During the beginning of the Covid-19 pandemic, we surveyed nearly 3,000 knowledge workers across all 50 states to understand how they were adapting. At first, employees new to working from home struggled to maintain productivity and communication.
Yet workers who used Slack, the channel-based messaging platform, were more likely than non-Slack-users to report that their productivity actually improved when working from home. This was especially true when their leadership already had a remote work plan in place. Of respondents who felt that their company was highly prepared, 46% preferred working from home (versus 17% among those who felt their company was not highly prepared).
At Slack Frontiers, our annual conference focused on transforming how everyone works, we talked with leaders from three very different organizations—Stanford University, Comcast and Booz Allen Hamilton—about how they pivoted to remote work. Turns out, careful planning and a bit of prescience made the transition that much smoother.
Using Slack to transform on-campus staff into a distributed workforce
Shannon Santanocito, a service delivery and operations manager at Stanford University, and her team provide a wide range of IT support services. When the pandemic hit, Santanocito’s team was informed on a Thursday that all nonessential staff would shift to remote work by that Monday, giving them a weekend to transition.
Thankfully, the team had already done a lot of planning for getting the campus ready for distributed work prior to the pandemic. By working with Stanford’s Center for Teaching and Learning in Slack, they were able to help faculty and staff transition successfully.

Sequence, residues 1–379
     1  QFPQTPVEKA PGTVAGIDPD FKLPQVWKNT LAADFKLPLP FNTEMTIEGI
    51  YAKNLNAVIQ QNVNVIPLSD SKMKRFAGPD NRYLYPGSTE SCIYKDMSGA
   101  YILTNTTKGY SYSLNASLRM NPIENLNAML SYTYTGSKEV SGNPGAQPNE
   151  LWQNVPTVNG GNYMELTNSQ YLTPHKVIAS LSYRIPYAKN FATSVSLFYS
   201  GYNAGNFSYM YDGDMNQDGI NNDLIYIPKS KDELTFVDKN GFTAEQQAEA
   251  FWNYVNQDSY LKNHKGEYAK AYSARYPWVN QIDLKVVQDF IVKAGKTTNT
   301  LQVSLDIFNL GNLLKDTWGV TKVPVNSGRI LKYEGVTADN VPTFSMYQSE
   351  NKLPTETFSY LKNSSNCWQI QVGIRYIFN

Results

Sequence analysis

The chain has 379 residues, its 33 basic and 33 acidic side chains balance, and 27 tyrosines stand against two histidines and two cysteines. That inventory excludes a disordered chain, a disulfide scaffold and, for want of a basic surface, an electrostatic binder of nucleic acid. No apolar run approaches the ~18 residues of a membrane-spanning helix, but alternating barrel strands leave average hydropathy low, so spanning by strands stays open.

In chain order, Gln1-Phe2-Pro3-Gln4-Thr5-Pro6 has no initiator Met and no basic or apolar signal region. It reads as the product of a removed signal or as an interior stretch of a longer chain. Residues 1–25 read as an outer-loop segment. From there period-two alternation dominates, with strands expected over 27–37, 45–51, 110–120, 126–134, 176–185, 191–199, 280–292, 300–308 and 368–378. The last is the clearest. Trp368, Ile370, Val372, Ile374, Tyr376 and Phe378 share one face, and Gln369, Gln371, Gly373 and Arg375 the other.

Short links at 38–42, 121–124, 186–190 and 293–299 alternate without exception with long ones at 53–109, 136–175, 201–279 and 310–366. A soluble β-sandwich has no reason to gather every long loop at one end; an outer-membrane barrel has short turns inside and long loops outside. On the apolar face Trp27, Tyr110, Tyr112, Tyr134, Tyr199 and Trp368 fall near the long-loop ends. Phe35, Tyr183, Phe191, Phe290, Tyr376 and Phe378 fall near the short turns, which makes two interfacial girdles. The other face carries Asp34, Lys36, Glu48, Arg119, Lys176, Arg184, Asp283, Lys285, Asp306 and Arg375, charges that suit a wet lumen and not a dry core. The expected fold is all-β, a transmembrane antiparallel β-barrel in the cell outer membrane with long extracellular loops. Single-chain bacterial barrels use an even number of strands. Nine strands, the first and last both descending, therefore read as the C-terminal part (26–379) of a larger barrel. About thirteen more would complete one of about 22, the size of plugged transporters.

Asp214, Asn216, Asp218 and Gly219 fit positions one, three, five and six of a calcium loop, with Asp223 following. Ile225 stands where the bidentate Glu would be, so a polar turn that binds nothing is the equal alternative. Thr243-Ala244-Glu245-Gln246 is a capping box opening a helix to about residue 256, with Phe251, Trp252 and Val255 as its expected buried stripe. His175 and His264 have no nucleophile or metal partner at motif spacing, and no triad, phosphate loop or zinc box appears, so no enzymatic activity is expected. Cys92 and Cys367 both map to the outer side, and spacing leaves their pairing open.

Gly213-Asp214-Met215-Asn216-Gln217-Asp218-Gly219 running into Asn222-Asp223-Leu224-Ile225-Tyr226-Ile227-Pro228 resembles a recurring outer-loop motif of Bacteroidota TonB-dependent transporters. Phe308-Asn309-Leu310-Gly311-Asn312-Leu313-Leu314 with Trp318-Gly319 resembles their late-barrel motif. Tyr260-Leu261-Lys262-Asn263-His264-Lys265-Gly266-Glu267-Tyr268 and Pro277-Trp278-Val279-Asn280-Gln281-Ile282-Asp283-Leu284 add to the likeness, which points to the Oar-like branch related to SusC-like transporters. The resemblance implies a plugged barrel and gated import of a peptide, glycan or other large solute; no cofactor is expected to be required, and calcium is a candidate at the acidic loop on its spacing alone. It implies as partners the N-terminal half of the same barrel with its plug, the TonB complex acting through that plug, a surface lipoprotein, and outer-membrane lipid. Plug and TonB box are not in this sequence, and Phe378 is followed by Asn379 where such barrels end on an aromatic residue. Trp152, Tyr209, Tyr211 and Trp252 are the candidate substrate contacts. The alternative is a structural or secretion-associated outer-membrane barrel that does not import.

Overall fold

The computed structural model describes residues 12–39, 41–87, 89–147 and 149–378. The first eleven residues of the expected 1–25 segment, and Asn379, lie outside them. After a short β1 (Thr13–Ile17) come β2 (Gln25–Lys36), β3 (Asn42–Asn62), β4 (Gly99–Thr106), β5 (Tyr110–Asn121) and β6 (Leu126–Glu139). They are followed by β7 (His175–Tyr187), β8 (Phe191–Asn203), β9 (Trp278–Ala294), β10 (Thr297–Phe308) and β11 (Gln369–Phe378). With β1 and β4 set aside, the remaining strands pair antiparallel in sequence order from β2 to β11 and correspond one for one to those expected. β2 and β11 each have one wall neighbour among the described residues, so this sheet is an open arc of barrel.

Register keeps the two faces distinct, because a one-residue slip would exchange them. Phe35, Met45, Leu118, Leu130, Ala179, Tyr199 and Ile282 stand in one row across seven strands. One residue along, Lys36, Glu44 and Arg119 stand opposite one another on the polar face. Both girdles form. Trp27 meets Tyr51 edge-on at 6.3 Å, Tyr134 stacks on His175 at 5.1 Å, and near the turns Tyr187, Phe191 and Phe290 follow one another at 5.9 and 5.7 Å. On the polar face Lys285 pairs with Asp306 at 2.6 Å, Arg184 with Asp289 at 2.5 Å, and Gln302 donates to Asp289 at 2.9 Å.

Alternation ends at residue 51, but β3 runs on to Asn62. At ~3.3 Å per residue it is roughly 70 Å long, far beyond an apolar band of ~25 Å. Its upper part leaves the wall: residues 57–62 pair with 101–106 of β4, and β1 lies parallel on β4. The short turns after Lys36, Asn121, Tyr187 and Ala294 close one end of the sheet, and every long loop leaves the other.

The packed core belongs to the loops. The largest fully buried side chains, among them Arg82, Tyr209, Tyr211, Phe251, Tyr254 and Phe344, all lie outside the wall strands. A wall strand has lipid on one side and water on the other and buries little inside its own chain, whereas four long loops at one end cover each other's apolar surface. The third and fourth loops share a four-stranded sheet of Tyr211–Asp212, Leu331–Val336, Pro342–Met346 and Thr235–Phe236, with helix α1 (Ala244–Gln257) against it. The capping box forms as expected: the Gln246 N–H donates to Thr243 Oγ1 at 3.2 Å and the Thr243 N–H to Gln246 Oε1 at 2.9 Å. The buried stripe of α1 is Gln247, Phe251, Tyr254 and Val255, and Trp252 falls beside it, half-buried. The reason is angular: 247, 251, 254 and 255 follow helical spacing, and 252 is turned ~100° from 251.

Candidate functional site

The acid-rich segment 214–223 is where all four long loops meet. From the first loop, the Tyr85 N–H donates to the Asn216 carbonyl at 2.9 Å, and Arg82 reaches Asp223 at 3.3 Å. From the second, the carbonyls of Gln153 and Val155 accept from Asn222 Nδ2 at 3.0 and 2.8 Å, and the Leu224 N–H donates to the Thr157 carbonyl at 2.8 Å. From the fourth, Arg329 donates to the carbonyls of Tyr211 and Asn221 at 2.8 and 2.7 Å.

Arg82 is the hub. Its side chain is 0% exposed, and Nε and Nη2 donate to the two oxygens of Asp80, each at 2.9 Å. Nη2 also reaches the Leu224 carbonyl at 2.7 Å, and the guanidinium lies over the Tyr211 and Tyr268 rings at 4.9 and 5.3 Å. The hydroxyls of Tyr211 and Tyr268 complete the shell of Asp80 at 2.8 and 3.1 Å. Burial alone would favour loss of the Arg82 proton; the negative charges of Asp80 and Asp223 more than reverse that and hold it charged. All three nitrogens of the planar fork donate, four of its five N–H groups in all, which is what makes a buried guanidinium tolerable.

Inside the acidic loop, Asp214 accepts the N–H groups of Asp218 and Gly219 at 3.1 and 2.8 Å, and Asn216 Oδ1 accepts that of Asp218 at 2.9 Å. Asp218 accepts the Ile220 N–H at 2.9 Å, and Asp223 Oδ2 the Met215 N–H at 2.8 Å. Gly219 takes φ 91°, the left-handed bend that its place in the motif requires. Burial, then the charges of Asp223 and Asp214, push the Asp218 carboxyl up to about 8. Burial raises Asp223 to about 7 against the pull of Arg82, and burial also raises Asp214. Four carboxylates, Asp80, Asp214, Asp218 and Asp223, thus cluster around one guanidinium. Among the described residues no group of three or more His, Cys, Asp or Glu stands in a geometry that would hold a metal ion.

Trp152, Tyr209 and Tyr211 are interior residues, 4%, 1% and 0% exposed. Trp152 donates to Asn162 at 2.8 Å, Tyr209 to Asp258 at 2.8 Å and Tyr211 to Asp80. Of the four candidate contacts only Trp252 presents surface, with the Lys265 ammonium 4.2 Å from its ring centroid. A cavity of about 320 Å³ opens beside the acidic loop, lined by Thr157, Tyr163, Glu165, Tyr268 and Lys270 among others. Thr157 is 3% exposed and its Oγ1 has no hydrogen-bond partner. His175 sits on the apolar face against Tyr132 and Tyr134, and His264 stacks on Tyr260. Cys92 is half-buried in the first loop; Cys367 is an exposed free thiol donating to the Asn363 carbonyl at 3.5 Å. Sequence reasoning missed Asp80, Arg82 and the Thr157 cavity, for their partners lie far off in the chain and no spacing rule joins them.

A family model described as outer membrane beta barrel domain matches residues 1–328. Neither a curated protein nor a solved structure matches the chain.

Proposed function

“We had a lot of toolkits ready to go for distributed working, and Slack was a big piece of how we planned to keep everyone connected.”
Santanocito and her team also launched the websites Teach Anywhere and Work Anywhere to provide additional resources for remote staff, including a handy introduction to Slack.
Meeting surges in demand while supporting remote workers, with Slack
As an engineer and the Slack product owner at Comcast’s headquarters in Philadelphia, Colin Weir helps manage the internal tooling essential for the telecommunications company’s engineering, technology and product departments. “Two of the biggest tools my team manages are Slack and GitHub,” he says.
In March and April 2020, Comcast traffic jumped more than 30% and as high as 60%, with videoconferencing increasing by 285%. The company was able to rise to the demand thanks to a decade of forward-looking innovations and a recent internal migration from Cisco Webex as a conference bridge to Microsoft Teams.
For customers like Comcast that also use Microsoft tools, Slack integrations for Microsoft Teams Calls, Office 365, OneDrive and Outlook Calendar helped ease the transition to remote work for employees.
“Thanks to the Teams Calls integration in Slack, what was going to be a six-month phase-out transition happened in a few weeks. The Office 365 integration was very helpful too.”